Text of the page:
Milonga traspie I   Leave a comment

Milonga traspie I
The way the man holds the woman to dance the milonga is different from tango since it is important that instant weight changes be transmitted directly to the woman’s feet. It is suggested that the man’s right hand is placed just above the woman’s waistline and on the right side of her hips. The dance demands more attention to the music, to the rhythm, and to the traffic on the dance floor. It also has a higher cardiovascular value than the tango, since none of the nuances encountered in tango dancing, like pauses, paradas, or OMG colgadas are part of the choreography of the milonga.There is no shortcut to dancing the milonga “hearing” the beat in your head as you dance. The only sure way is practice, practice, and practice. The easiest way to follow a beat is by tapping on the ground with the feet. We always begin a milonga workshop with an exercise that helps people recognize and reproduce the core sound of the beat of the milonga. We ask people to step by raising the knee to bring the foot off the ground, extending the leg and bringing the foot down hitting the ground firmly with the ball of the foot. Try this on your own,

  1. Rest your weight on your right leg, open your left leg short keeping your body from shifting sideways, and step on the floor with your left foot, then quickly raise and step in place with your right foot counting aloud ONE~AND. We’ll call this sequence QUICK~QUICK or if you prefer, STEP~AND. Repeat four times.
  2. Resting your weight on your right leg, open your left leg short keeping your body from shifting sideways, and step down with your left foot counting ONE. Step down in place with your right foot counting TWO. Let’s call this sequence SLOW~SLOW, or if you prefer ONE~TWO. Repeat four times.
  3. Now put the two sequences together stepping with your left foot, then your right foot (QUICK~QUICK ), followed by stepping with your left foot again, followed by stepping with your right foot (SLOW~SLOW). You should be hitting the ground four times but emphasizing three downbeats and one upbeat, ONE~AND~TWO~THREE.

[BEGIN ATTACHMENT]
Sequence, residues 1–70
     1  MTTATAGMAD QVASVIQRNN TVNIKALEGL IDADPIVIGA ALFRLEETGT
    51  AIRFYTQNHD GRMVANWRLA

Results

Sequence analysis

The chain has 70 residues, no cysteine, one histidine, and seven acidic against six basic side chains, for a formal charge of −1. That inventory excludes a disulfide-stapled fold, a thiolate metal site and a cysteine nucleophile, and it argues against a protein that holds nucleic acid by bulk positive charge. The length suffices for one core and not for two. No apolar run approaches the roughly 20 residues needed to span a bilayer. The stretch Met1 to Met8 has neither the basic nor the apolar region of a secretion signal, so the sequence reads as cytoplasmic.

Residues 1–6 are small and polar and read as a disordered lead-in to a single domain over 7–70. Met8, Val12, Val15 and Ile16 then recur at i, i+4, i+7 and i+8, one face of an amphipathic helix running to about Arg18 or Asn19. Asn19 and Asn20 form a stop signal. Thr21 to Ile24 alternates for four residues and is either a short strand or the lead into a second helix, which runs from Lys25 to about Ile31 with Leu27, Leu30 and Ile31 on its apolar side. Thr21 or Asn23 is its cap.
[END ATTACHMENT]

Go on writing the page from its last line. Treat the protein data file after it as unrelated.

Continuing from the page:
4. Repeat four times QUICK~QUICK~SLOW~SLOW counting aloud ONE~AND~TWO~THREE. Repeat again but this time say I~LOVE~CRAW~FISH. Do it as many times as you need until you are confident that you can transmit the words I WANT TO DANCE to the ground with the stomping of your feet.

Repeat the exercise changing axis to your left leg and stomping with the right foot first. It should be obvious that when the members of the couple get together and face each other, the man starts on his right axis, stomping to his left, while the woman stands on her left axis, stomping to her right. If you have the opportunity to practice with another person, work together to synchronize your movements while keeping time as explained above.

Half steps are one the signatures of the milonga dance. They add the staccatos, the double time stepping and the dynamic suspension of motion that matches the complexity of the music measure. They are also the main components of what is called milonga traspie, a style that uses quarter steps to emphasize the rhythm of slower milongas. In a quarter step the foot moves half the space of a half step.

The term “traspie” is a short form version of “pie detras” which literally means foot behind, and when applied to the dancing of tango and milonga it describes an action similar to skipping, or taking two steps with the same foot while the other foot is locked behind.
In tango dancing we use “traspie” to switch from parallel system to cross feet system or to syncopate stepping twice with the same foot.
In milonga traspie, we take the concept further by developing an entire different style of milonga dancing suitable to what it’s called “smooth” or “slow” milongas.

One of the main characteristics of milonga traspie is the use of a SLOW-QUICK-QUICK-SLOW or ONE-TWO and-THREE tempo to make four touches on the floor in the span of three pulses. Observe at 1:32 and count ONE when the man advances with his right foot and the woman steps back with her left foot, then count TWO-AND when they both rock to the side, and count THREE when they both close and change weight.

We hope you relived the experiences of the first milonga traspie workshop, or enjoyed it for the first time. Feel free to use the Comments section for questions and suggestions.

References, Gotta Milonga by Alberto Paz and Valorie Hart, available soon

Advertisements

Posted July 4, 2012 by Alberto & Valorie in Gotta Tango

Leave a Reply

Fill in your details below or click an icon to log in:

WordPress.com Logo

You are commenting using your WordPress.com account. Log Out / Change )

Twitter picture

You are commenting using your Twitter account. Log Out / Change )

Facebook photo

You are commenting using your Facebook account. Log Out / Change )

Google+ photo

You are commenting using your Google+ account. Log Out / Change )

Connecting to %s

%d bloggers like this: